I know there are mixed opinions among academics about reading and editing manuscripts on your computer prior to their submission for publication. Personally, I like doing both on my computer. I have no problems following an article’s logic and buildup on my computer screen, and I love having ‘track changes’ available to me so that I can edit manuscript drafts onscreen if that is the task at hand. In the old days, an edited manuscript that you had gotten back as several copies from your co-authors could be a daunting proposition to tackle; some of them were a mess in terms of the pencil scribbles in the margins, the curlicue arrows directing you to move this paragraph to another page or to a paragraph below on the same page, comments at the top of the page telling you what to consider to include in the next draft, and so on. It is no easier to go painstakingly through such an edited manuscript than it is to correct a manuscript edited through ‘track changes’. In fact, I think the latter is much easier; you can choose to accept or delete inserted or deleted text, you can accept or reject format changes, and you can move text around as you like and still see where you removed text from in the final version.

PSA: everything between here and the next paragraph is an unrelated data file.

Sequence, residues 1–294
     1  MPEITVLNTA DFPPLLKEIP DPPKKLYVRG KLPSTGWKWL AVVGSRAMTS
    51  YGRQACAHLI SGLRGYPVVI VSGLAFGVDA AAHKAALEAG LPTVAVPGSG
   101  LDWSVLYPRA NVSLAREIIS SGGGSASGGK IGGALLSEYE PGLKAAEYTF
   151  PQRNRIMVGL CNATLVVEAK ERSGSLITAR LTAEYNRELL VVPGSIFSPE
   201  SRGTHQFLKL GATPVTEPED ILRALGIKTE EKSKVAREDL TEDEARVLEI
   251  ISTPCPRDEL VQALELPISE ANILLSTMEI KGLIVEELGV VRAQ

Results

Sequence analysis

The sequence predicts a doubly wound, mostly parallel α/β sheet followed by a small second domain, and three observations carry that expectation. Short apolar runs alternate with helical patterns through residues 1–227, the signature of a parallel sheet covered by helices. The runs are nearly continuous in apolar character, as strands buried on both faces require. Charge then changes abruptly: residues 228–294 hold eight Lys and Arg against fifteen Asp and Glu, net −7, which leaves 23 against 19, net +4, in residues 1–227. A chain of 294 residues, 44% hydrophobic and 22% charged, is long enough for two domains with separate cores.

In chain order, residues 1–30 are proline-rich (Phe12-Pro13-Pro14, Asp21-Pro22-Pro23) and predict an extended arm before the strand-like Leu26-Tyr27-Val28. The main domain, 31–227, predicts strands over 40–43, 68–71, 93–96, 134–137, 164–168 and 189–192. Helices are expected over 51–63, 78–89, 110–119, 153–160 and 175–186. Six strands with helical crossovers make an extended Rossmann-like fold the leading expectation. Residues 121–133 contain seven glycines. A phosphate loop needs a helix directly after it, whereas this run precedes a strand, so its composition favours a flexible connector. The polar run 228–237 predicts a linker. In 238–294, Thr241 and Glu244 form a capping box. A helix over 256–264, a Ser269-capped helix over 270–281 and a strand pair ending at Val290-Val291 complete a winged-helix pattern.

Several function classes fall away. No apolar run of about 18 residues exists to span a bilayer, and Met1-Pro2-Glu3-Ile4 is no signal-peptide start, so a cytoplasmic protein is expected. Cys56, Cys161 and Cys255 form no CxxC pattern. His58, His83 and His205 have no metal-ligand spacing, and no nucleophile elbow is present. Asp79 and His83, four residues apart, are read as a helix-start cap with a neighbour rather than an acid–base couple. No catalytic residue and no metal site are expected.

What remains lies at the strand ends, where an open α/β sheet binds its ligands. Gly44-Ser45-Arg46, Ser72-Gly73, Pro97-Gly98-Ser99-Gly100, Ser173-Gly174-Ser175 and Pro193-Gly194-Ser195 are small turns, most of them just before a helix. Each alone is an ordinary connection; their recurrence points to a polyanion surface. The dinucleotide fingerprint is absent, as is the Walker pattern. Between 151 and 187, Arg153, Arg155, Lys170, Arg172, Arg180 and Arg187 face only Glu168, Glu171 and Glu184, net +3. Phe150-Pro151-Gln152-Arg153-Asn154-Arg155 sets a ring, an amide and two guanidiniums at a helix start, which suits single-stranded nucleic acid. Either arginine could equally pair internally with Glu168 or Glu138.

I also no longer print out the pdf versions of published articles; I read them online as well. It is a rare occurrence these days for me to print out an article; if I do, it is usually an extensive review article. I simply don’t see the point anymore of wasting all this paper. Additionally, the articles of interest are freely available for the most part, so that there is no danger of getting access to an article and then suddenly losing that access. One can get around this problem anyway by saving a version of the pdf file on your own computer to peruse at a later date. I am one of those people who welcome a paperless workplace and household. Offices stay neater as do homes, a win-win situation all around.